The call centre world, unsurprisingly, ranks as one of the highest adopters of data analytics platforms year on year. This is largely due to the invaluable insights we gain through the analysis of thousands of calls received each day by the typical call centre. With speed being of the essence in making the right decision at the right time for each caller many call centres are turning to machine learning to automate their data analysis and make crucial customer experience decisions within seconds.
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Reducing call duration and increasing first call resolutions
Whether you’re running an inbound or outbound contact centre, the interactions between your company representatives and your customers is a crucial area for customer success. Thanks to machine learning algorithms, businesses are able to manage those customer-facing moments more efficiently. According to techtarget.com, “Emotion analysis through text and speech analytics can paint a more complete picture when combined with the overall first call resolution (FCR) metric, indicating the level of confidence customers feel about whether the answer they received has resolved the issue at hand.”
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Machine learning algorithms are also helping customers reach the right representative in a shorter space of time (and alleviating much of their frustration in the process) by smartly routing calls based on their nature to the right person with the appropriate knowledge and skill-level. This, in turn, reduces call duration periods, repeat calls or call abandonment rates by unhappy callers. On-screen prompts based on the machine learning analyses of callers’ moods, or other indicators, are also allowing contact centre agents to more effectively deal with customer queries or problems and reduces the need for customers to make often frustrating repeat calls to the business.
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Reducing call volumes and increasing customer satisfaction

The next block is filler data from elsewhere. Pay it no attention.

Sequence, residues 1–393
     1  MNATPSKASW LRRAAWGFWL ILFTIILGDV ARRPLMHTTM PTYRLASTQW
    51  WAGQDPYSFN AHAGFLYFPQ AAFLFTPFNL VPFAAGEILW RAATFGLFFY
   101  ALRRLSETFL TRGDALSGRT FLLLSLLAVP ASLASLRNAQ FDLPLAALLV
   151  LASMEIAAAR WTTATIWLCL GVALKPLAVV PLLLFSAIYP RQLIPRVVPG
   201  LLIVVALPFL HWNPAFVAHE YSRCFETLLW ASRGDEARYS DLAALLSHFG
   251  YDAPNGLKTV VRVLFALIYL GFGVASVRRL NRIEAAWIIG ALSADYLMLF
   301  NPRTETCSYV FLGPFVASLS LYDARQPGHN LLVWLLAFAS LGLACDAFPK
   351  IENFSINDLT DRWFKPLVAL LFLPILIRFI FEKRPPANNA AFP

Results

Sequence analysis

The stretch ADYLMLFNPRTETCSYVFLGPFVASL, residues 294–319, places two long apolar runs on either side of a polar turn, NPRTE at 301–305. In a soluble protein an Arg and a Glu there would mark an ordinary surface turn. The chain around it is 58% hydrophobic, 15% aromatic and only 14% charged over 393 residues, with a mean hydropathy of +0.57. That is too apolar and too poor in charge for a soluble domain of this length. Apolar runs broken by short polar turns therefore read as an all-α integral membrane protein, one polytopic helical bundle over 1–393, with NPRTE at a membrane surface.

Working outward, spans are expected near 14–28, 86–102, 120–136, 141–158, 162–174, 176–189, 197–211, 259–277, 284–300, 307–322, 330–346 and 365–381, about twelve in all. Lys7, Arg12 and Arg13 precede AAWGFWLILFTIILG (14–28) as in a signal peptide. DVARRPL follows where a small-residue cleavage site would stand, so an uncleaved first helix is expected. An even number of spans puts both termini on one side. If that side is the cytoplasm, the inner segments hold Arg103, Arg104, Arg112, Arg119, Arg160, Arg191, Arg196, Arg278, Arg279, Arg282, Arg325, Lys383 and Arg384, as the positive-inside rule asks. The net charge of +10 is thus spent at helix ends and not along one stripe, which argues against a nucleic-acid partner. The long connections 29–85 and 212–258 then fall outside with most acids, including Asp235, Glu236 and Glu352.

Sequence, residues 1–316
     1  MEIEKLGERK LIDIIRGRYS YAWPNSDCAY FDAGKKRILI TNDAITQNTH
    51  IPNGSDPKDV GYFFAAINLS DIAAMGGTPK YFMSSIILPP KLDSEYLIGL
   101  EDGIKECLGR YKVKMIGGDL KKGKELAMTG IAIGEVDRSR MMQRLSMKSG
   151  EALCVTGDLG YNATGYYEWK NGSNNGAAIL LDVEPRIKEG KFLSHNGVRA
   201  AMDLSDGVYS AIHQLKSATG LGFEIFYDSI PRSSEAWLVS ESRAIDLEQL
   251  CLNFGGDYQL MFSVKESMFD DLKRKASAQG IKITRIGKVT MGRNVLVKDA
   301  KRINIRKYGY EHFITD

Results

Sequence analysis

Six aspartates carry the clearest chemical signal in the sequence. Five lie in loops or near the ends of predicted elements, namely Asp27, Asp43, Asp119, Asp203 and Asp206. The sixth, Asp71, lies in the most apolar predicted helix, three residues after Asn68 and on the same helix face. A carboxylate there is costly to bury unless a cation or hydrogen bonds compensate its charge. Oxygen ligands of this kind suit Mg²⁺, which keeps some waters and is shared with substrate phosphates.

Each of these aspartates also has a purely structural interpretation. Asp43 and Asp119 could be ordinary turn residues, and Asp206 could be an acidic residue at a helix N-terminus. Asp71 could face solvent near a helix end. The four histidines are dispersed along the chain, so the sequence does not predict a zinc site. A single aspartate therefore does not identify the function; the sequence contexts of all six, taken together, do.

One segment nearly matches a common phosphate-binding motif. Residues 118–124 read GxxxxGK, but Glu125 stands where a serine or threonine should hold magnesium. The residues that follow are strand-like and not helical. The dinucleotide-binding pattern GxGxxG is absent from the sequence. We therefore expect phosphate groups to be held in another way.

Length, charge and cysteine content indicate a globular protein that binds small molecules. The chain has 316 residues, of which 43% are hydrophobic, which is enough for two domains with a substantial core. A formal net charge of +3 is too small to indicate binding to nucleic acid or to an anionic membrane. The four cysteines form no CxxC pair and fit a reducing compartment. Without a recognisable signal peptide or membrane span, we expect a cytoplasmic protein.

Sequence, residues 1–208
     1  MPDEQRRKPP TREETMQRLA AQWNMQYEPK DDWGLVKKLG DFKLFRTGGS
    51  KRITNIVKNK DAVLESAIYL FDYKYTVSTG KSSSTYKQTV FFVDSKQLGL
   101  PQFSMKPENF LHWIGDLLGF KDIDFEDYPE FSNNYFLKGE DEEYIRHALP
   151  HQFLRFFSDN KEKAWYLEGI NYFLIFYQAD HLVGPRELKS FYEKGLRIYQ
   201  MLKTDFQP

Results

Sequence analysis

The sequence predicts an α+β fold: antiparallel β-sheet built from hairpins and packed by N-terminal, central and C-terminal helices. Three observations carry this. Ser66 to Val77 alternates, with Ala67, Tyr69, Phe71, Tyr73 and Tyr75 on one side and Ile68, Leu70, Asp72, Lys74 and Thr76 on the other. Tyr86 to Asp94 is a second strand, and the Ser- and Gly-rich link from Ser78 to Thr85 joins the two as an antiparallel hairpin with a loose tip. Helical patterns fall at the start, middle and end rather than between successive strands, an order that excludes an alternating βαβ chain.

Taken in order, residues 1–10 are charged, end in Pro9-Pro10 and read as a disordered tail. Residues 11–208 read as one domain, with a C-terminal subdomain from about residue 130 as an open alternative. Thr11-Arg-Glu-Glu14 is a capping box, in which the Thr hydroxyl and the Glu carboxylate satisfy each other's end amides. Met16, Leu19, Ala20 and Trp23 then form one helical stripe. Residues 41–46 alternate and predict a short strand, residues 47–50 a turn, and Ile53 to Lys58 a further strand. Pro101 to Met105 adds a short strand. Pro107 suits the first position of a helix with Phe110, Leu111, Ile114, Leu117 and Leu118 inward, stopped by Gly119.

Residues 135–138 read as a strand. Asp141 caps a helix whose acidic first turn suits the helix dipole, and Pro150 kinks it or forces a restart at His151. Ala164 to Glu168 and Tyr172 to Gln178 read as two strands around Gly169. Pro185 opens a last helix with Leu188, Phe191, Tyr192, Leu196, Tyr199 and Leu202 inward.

Machine learning can be used to reduce call volumes by eliminating the need for customers to call when there is, for example, a network fault for a telecommunications company / ISP or reception issues with a satellite company. By analysing voice / speech patterns, emotions and words from incoming calls, machine learning can identify 1) that there is a an issue (anger or irritation based on tone of voice), 2) what the issue might be (“slow line speed” or “no reception”) and 3) where it might be (based on the caller’s location). By analysing an influx of calls coming in and identifying these types of patterns, machine learning could kick off a notification to technical support to notify them of the issue and enable the contact centre to send out a pre-emptive SMS / email / WhatsApp to all subscribers in the affected area or post a message on Twitter / Facebook to let them know that they are aware of the issue and are working on having it resolved.
Increasing revenue by seizing sales opportunities
To serve the customer better – and boost profits in the process – businesses need to make smart decisions on the fly. Direct interchanges between consumers and call centres are golden opportunities to make this happen. According to John Magliocca, chief consultant for contact centre services outsourcing company, ISG, “There have been efforts underway to put contact data to work to best understand the current mood of the customer and other information that can immediately mould client strategy and direction [for some time].” With volumes of customer and transaction data available, machine learning platforms can inform contact centre staff on ideal product suggestions based on past purchases or upgrade a subscription service to premium if a customer’s financial situation has changed. Data-driven solutions will continue to inform customer insights while simultaneously helping business raise bottom lines.
Machine learning will require user buy-in
Although machine learning can enrich the customer experience considerably, it would have little impact on productivity, profitability or customer satisfaction levels without buy-in from the people intended to use it. Forrester advises business leaders who want to adopt new technology platforms as a means to improve the customer experience, “Senior executives set the tone for the need for a customer-centric culture and new processes and tools that support customers more effectively. Leaders must plan for changes in the work practices needed to meet customer management goals” . This means involving users in new technology implementations that will ultimately add value to the workforce and importantly, the customer.
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